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English lad looking for work in Poland


anto13 1 | 3
2 Mar 2014 #1
I'm a 20 year old English lad and its come to the point were its near to impossible to find work in England and i simply cannot find work anywhere. So I've decided to try and find work in Poland, i do consider myself hard-working I've worked ever since I've left high-school done jobs in railway, laboring and now currently a forklift driver (only temporary contract finish next month) so basically i feel I'm just a waste of a human in England and i don't wish to claim benefit's let the rest and i feel i can offer my skill's, experience else where.

I'm aware that the pay isn't very good and the condition are very brutal but it doesn't really bother me too much i don't exactly come from a rich family anyways. The other problem is i don't speak Polish i can only speak English BUT i'm willing to go Polish classes and learn Polish. I'm more interested in Laboring Jobs which i listen above.

[I'M SORRY IF YOU PEOPLE HAVE ANSWERED THESE THREADS BEFORE BUT I WANT HEAR FROM PEOPLE]

Regards,

Anto.
gumishu 11 | 5,017
2 Mar 2014 #2
Anto the problem is it is not easy to find a laboring job in Poland and without good command of Polish language it is nearly impossible - if you don't want to get your life wasted I suggest a completely different approach - visit this website and see that your life and your voice counts - you could be on welfare for a time but if you use decrees and invocations on the website you make a huge difference in the world - hope you recognize the value of it
OP anto13 1 | 3
2 Mar 2014 #3
Anything is possible I'm pretty sure if a Polish can do a job laboring without speaking a word of English in Britain surely there can an exception especially since I'm more than happy to learn Polish once i get their and settled. I'd appreciate if anybody could link any website's for job advertisement's.

Regard's,

Anto.
jon357 63 | 14,149
2 Mar 2014 #4
Anto. you'll be out of luck. The reason that so many Polish people have to leave their homes and travel to foreign countries to get work, whether they want to or not, is that there are very few jobs here in Poland; and certainly nothing at all for someone of your age and skill level.
krecik89
2 Mar 2014 #5
I think if you want to get involved in service like working for a hotel or as a waiter you may get a job. Some of the high end hotels have started employing foreigners who don't speak Polish. You'll definitely be a bit of an oddity at this level of work and someone may like this and give you a go. I'd target foreign owned businesses and the hospitality sector. It may be a long shot but you could find something. I was at an Indian restaurant in Poland and the waiter couldn't speak Polish. Maybe give the Irish pubs a go...
Wulkan - | 3,251
2 Mar 2014 #6
Anything is possible I'm pretty sure if a Polish can do a job laboring without speaking a word of English in Britain surely there can an exception especially since I'm more than happy to learn Polish

well, we have a saying in Polish that goes: Polak potrafi
DominicB - | 2,677
2 Mar 2014 #7
I'm a 20 year old English lad and its come to the point were its near to impossible to find work in England and i simply cannot find work anywhere. So I've decided to try and find work in Poland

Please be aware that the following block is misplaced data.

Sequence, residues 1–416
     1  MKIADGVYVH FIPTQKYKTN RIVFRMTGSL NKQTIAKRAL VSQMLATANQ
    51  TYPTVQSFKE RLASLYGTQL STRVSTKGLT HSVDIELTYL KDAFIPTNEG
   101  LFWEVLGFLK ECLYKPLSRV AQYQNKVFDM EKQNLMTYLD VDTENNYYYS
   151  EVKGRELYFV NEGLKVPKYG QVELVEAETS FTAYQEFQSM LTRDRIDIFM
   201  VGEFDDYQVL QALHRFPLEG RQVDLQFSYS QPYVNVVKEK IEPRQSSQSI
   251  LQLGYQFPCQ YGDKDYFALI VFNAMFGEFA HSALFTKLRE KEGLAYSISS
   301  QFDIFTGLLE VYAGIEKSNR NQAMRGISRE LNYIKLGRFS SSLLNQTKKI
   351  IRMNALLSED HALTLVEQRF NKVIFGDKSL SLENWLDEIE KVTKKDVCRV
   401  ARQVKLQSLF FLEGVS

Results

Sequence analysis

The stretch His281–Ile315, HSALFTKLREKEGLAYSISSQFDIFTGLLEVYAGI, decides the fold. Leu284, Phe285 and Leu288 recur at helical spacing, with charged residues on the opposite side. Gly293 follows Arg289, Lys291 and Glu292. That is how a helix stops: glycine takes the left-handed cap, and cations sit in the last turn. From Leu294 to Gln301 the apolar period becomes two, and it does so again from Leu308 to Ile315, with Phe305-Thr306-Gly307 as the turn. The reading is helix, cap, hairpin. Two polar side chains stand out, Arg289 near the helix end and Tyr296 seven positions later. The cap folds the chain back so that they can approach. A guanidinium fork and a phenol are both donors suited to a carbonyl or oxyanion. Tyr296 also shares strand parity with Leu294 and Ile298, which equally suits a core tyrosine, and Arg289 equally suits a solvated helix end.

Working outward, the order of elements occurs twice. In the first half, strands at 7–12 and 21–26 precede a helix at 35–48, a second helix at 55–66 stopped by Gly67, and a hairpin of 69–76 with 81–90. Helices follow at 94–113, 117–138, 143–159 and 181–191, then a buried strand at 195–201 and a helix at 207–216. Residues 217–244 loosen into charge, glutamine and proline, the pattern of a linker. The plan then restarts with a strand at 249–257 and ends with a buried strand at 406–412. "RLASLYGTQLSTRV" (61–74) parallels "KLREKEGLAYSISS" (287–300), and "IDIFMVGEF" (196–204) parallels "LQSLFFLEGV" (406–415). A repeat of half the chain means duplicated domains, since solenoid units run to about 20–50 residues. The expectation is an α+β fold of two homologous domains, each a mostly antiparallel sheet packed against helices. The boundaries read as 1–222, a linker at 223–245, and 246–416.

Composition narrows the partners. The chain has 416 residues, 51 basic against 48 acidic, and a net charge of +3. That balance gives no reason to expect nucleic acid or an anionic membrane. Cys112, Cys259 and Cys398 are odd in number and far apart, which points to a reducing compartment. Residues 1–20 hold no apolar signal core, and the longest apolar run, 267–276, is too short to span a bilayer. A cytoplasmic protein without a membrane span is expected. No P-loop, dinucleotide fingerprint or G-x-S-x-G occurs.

This has to be about the most ridiculous thing I've read on this forum this year. No matter how bad you think the job market is in England, it's a friggin bed of roses compared to Poland. Why do you think all those Polish people are in England? It's because they couldn't find work here.

i feel i can offer my skill's, experience else where.

The second most ridiculous thing. You have NO skills and NO experience to offer. At all. Zip, zero, zilch. Don't be a fool; go back to school and get some useful qualifications or learn a trade. There's a world-wide glut of uneducated unskilled laborers, and your life is going to suck wherever you live unless you have something real to offer employers. In England, you have lots of opportunities for education. In Poland, you will have none.

Some of the high end hotels have started employing foreigners who don't speak Polish.

I was at an Indian restaurant in Poland and the waiter couldn't speak Polish

Maybe give the Irish pubs a go...

They wouldn't even look at a 20 year old with no education, no qualifications, no experience and no knowledge of the local language. There is zero chance that an inexperienced 20 year old can find work in Poland, except maybe in a lousy call center. Even if he did speak Polish, the chances would be still be pretty remote. Youth unemployment is far higher in Poland than in England, and wages are far lower. A lot of Polish students spend the summer in England earning for their studies.

Even if he did find work, it would be a low-paid dead-end job with zero possibility of advancement, like cold call sales in a call center. I would wish that job on my worst enemy.

Anto, if you have decided to pursue a career as a laborer, then get some qualifications and skills that will enable you to find better work in the field, like plumbing, wiring, heavy machine operating or the like. BUT, beware of fly-by-night trade schools. Have an experienced adult help you shop around for courses that are really worth the money.

The second thing you have to keep in mind is that you will, for the rest of your lifetime at least, be competing against cheap labor from abroad. Things won't improve until you get some low-level management skills at least.
OP anto13 1 | 3
2 Mar 2014 #8
Dominic

I feel you were very, very harsh the way you conducted your response i don't have time for ignorant people like yourself and you clearly are deluded to the point were you have no idea how Britain is at the moment.

Anto

Feel to free responded with a more polite response and maybe we can debate about this without you being so blunt.
Wulkan - | 3,251
2 Mar 2014 #9
In England, you have lots of opportunities for education. In Poland, you will have none.

well there is obviously more opportunities for education in England but saying there is none in Poland is quite ignorant